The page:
Cancers 2014, 6(2), 663-683; doi:10.3390/cancers6020663

Review
Structural Pathways of Cytokines May Illuminate Their Roles in Regulation of Cancer Development and Immunotherapy
Emine Guven-Maiorov 1, Saliha Ece Acuner-Ozbabacan 1, Ozlem Keskin 1, Attila Gursoy 1 and Ruth Nussinov 2,3,*
1
Center for Computational Biology and Bioinformatics and College of Engineering, Koc University, Rumelifeneri Yolu, 34450 Sariyer Istanbul, Turkey; E-Mails: eguven@ku.edu.tr (E.G.-M.); sozbabacan@ku.edu.tr (S.E.A.-O.); okeskin@ku.edu.tr (O.K.); agursoy@ku.edu.tr (A.G.)
2
Cancer and Inflammation Program, Leidos Biomedical Research, Inc., Frederick National Laboratory for Cancer Research, National Cancer Institute, Frederick, MD 21702, USA
3
Sackler Institute of Molecular Medicine, Department of Human Genetics and Molecular Medicine, Sackler School of Medicine, Tel Aviv University, Tel Aviv 69978, Israel
*
Author to whom correspondence should be addressed; E-Mail: nussinor@helix.nih.gov; Tel.: +1-301-846-5579.
Received: 26 February 2014; in revised form: 11 March 2014 / Accepted: 12 March 2014 /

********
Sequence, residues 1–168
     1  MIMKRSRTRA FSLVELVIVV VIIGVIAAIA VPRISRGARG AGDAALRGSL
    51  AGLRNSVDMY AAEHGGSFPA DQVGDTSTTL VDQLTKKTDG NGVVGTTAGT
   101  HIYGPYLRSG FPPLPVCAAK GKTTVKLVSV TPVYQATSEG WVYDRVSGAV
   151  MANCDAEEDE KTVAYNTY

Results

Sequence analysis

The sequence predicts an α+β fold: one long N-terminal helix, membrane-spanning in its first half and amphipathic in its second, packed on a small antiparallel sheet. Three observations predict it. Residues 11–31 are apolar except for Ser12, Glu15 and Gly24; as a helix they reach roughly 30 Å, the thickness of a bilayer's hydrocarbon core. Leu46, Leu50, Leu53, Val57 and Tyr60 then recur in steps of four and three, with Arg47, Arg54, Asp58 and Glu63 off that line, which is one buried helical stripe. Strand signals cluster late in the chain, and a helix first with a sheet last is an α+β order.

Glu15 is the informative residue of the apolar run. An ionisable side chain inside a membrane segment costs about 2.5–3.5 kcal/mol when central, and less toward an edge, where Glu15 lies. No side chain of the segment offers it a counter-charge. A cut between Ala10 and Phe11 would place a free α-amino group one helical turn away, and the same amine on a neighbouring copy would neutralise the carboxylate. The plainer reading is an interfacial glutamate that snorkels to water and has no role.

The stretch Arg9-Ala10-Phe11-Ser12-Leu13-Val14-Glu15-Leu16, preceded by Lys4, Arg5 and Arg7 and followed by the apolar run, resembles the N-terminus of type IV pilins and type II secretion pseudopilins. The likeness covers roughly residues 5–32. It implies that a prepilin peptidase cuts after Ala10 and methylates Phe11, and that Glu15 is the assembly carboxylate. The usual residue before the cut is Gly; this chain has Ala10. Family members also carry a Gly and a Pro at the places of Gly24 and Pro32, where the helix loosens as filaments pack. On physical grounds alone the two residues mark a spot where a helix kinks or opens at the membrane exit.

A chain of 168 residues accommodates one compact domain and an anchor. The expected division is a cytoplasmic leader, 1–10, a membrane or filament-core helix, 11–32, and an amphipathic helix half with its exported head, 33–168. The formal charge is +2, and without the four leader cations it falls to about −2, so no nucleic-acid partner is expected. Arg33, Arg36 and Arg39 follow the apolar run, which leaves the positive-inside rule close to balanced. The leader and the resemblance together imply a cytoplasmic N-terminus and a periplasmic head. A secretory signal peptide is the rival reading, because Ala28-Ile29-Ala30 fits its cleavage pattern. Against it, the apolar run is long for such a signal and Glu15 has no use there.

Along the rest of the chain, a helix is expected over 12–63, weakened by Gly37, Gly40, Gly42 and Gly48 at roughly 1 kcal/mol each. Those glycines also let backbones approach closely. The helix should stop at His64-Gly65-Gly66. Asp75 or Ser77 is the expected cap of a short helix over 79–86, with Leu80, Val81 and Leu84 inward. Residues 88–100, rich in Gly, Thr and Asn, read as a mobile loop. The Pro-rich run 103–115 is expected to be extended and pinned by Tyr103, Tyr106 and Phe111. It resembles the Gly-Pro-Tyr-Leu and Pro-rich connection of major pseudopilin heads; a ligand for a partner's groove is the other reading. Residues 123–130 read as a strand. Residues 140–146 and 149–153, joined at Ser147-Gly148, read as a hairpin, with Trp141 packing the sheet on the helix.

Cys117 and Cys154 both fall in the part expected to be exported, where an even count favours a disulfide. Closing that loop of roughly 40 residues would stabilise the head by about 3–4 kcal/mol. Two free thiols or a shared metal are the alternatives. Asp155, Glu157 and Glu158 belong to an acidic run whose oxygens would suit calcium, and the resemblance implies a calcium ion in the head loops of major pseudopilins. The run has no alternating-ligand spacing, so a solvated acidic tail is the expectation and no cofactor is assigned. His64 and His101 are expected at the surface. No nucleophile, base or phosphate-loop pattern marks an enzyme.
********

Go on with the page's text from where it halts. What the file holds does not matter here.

Published: 25 March 2014

Abstract

: Cytokines are messengers between tissues and the immune system. They play essential roles in cancer initiation, promotion, metastasis, and immunotherapy. Structural pathways of cytokine signaling which contain their interactions can help understand their action in the tumor microenvironment. Here, our aim is to provide an overview of the role of cytokines in tumor development from a structural perspective. Atomic details of protein-protein interactions can help in understanding how an upstream signal is transduced; how higher-order oligomerization modes of proteins can influence their function; how mutations, inhibitors or antagonists can change cellular consequences; why the same protein can lead to distinct outcomes, and which alternative parallel pathways can take over. They also help to design drugs/inhibitors against proteins de novo or by mimicking natural antagonists as in the case of interferon-γ. Since the structural database (PDB) is limited, structural pathways are largely built from a series of predicted binary protein-protein interactions. Below, to illustrate how protein-protein interactions can help illuminate roles played by cytokines, we model some cytokine interaction complexes exploiting a powerful algorithm (PRotein Interactions by Structural Matching—PRISM).
Keywords:
structural pathways; cytokines; structures of cytokines; structural pathways of cytokines; protein interactions; protein interaction prediction; cancer immunotherapy

1. Introduction